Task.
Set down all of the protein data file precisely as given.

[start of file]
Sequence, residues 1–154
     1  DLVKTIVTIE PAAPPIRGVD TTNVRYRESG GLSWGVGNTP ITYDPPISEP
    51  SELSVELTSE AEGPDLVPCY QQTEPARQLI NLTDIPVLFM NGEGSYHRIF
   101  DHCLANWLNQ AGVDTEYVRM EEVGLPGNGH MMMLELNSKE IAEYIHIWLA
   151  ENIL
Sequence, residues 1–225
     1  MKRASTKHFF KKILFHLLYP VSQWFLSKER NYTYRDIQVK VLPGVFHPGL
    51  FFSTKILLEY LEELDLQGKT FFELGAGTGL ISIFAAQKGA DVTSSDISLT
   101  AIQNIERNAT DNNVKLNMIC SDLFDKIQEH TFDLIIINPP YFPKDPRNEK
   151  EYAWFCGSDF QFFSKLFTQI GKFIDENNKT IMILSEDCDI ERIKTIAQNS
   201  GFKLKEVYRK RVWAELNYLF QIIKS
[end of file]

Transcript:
Sequence, residues 1–154
     1  DLVKTIVTIE PAAPPIRGVD TTNVRYRESG GLSWGVGNTP ITYDPPISEP
    51  SELSVELTSE AEGPDLVPCY QQTEPARQLI NLTDIPVLFM NGEGSYHRIF
   101  DHCLANWLNQ AGVDTEYVRM EEVGLPGNGH MMMLELNSKE IAEYIHIWLA
   151  ENIL
Sequence, residues 1–225
     1  MKRASTKHFF KKILFHLLYP VSQWFLSKER NYTYRDIQVK VLPGVFHPGL
    51  FFSTKILLEY LEELDLQGKT FFELGAGTGL ISIFAAQKGA DVTSSDISLT
   101  AIQNIERNAT DNNVKLNMIC SDLFDKIQEH TFDLIIINPP YFPKDPRNEK
   151  EYAWFCGSDF QFFSKLFTQI GKFIDENNKT IMILSEDCDI ERIKTIAQNS
   201  GFKLKEVYRK RVWAELNYLF QIIKS